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I have 2 types: BaseQuestion and Question. Question inherits some properties from BaseQuestion. Now I have created a Web API to make a BaseQuestion available. The Question datatype has additional properties that I do not want to make available. I have a method that retrieves a Question and my initial plan was to just implicitly upcast it to BaseQuestion. I thought it would lose all extra properties that I do not want to make accessible and I could return it. Well, it doesn't. This is what I do:

Question q = allQuestions[0];
BaseQuestion bq = q;
string type = bq.GetType().ToString();

The type of bq is still "Question". I cannot access the BaseQuestion properties, but I can still see them in the debugger and they are in the JSON output that I send to the client.

Any ideas on how I can "force" bq to be of type BaseQuestion and not to have any properties that are defined in the subclass?

share|improve this question
The type of the variable bq is BaseQuestion. The runtime type of the object to which bq refers is Question. Not sure what you mean by "force bq to be of type BaseQuestion". You will only be able to access BaseQuestion members via the variable bq. – Wayne Aug 24 '12 at 2:48
I think your confusion is not understanding that what you've given are references to objects in memory. – Simon Whitehead Aug 24 '12 at 3:00
Simon, good point. Then let me rephrase: How can I create a new object of type Question and automatically copy all property values? By automatically I mean that I do not want to implement it. IMHO this scenario is not at all unique to my situation and should be covered by .NET. – Jan Aug 24 '12 at 3:42
up vote 11 down vote accepted

Typecasting doesn't change the nature of the object, it only changes your view of the object. When you typecast to the base type, you're looking at the object through a filter that can only see the members defined on the base type, regardless of whatever else is defined in the actual object.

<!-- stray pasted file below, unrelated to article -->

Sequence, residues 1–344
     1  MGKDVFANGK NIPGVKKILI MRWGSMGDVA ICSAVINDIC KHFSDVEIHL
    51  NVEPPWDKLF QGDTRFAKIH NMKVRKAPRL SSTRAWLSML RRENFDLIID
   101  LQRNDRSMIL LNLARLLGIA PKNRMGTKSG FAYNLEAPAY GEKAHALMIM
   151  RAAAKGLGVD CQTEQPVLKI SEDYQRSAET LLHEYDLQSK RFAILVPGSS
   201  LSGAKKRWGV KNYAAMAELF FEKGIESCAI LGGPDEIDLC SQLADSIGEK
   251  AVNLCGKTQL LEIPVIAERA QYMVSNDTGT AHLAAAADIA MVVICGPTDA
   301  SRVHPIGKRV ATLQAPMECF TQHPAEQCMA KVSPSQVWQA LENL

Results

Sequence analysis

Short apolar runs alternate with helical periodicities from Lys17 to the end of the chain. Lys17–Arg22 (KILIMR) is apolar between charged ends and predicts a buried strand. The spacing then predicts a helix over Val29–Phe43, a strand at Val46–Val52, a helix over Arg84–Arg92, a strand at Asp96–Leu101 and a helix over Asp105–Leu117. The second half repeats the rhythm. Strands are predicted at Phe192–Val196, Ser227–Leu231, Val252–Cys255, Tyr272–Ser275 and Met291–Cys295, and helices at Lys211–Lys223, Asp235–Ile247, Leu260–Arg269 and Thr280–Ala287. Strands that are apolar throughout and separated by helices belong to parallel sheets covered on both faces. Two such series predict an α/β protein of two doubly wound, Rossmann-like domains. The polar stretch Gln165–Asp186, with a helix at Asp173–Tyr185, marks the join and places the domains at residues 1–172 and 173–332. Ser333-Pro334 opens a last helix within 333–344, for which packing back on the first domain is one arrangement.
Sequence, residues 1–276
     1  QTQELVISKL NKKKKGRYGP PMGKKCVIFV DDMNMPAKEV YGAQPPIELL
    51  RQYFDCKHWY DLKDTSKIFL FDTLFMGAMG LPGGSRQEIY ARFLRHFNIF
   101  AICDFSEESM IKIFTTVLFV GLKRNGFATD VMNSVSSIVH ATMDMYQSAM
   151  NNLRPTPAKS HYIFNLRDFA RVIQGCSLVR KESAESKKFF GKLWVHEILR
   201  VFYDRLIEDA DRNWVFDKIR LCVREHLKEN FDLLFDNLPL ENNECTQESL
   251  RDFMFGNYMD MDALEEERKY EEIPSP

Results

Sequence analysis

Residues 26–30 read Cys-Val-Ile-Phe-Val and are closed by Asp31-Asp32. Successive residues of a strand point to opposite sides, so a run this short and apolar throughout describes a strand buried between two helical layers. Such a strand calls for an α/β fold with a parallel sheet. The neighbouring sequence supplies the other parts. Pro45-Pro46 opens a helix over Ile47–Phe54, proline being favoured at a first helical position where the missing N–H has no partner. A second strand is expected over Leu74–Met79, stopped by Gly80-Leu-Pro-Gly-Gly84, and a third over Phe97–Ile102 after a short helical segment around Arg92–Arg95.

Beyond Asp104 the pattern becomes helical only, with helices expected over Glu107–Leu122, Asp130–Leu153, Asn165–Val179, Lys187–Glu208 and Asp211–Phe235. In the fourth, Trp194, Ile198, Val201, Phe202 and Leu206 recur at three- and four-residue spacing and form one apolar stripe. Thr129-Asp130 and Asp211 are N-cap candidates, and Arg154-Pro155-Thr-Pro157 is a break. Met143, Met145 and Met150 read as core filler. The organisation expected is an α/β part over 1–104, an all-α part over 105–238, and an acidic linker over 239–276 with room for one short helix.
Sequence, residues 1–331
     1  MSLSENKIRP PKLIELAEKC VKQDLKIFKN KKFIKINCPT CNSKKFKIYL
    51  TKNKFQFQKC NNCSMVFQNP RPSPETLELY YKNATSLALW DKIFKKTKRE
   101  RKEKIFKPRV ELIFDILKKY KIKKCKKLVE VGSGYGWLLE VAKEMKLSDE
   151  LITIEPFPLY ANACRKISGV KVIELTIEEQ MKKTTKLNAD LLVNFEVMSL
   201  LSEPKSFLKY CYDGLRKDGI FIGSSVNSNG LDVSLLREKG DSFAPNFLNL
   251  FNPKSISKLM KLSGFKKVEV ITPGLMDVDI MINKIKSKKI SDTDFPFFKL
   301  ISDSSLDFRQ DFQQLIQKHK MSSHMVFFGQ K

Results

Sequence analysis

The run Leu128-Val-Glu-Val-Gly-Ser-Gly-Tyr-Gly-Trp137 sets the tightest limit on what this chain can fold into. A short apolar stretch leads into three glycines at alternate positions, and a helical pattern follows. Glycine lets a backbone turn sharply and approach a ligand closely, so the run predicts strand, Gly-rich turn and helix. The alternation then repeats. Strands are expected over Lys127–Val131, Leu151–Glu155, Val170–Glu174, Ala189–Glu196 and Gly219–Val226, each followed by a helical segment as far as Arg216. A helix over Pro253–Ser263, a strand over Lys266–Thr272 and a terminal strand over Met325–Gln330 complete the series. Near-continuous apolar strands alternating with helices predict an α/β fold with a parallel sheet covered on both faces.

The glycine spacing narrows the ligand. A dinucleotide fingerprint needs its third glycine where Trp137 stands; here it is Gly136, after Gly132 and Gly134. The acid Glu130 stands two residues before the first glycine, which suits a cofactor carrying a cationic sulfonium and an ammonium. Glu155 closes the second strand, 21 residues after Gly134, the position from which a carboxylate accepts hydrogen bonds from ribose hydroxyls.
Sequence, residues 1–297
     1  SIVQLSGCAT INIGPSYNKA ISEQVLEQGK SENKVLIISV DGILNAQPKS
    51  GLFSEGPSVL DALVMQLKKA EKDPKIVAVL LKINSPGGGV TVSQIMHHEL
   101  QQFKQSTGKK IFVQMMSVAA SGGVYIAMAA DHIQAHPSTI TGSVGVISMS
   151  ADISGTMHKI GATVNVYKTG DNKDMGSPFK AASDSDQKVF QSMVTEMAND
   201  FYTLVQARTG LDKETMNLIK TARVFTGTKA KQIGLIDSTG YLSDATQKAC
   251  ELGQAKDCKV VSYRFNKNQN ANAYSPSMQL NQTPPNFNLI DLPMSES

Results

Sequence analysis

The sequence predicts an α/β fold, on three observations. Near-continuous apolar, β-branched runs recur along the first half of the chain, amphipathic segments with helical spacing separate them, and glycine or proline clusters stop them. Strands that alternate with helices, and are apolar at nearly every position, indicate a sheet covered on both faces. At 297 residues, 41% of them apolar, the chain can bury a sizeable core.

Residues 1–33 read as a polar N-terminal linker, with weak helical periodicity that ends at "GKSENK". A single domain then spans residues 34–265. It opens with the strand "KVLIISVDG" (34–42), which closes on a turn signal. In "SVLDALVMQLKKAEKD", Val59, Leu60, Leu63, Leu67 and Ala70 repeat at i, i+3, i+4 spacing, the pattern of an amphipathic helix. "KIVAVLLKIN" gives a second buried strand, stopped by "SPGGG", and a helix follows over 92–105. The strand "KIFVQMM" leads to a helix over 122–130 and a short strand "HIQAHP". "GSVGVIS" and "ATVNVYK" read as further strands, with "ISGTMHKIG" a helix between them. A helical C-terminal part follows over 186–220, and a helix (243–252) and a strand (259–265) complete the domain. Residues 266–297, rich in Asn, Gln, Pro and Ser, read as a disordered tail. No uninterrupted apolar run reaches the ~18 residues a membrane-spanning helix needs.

When you return an object from a web service call, it is the actual object that will be serialized and sent back across the wire - all of its serializable members.

One technique you could use to prevent members of the derived Question class from being returned to the API caller is to suppress serialization of the members declared in the Question class. There are several serialization subsystems in .NET, but if you're using XmlSerialization you would decorate the members declared in the Question class with [XmlIgnore] attributes to prevent them from being serialized by XmlSerialization. If you're using a different serialization subsystem you will need to figure out the analog of this in that system.

Another possibility is to define interface contracts for your web API service(s). Your BaseQuestion and Question classes would implement one or more of those contract interfaces. I believe this will limit the serialization to only the properties defined in the contract interface, regardless of what the actual object is.

If all else fails, the brute force solution is to construct an instance of your BaseQuestion in a temp var, copy the relevant properties from the actual Question object to the temp object, and return the temp object. This is rude and crude and there's got to be a better way, but it will work.

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I cannot change the Question/BaseQuestion types as the Web API is not their only user. I totally agree on the "there's got to be a better way" part, and I have been looking all over the place but came up empty. I think my frustration is big enough to create an explicit converter. But thanks for the help! – Jan Aug 24 '12 at 3:34
Most of this answer is correct, except for the part about limiting serialization based on interface inheritance. That part doesn't work because it doesn't change the original object. I wish it worked like that though :( – Travis J Jun 5 '15 at 0:04

Typecasting only changes the type of the reference to the object, not the object itself.

Calling .GetType() on an instance of Question will always return the Question type regardless of the variable type that references it.

If you want the base type then you need to call the .BaseType property on the type.

So, something like this:

string type = q.GetType().BaseType.ToString();
share|improve this answer
That was only to show what I mean. I need to have an object that only contains the properties of the base class. – Jan Aug 24 '12 at 3:26
Isn't that what type casting to BaseQuestion will give you? – Enigmativity Aug 24 '12 at 3:49
That's what I thought, but apparently it does not. I do not change the object itself, I only change the container I store the reference in. The properties of the subclass are still there and will get serialized. – Jan Aug 24 '12 at 3:53
Oh, I see. You need to implement an external serializer factory for each of your types. But, of course, if you serialize a Question as a BaseQuestion, for example, you most likely couldn't deserialize it back to Question. – Enigmativity Aug 24 '12 at 4:31

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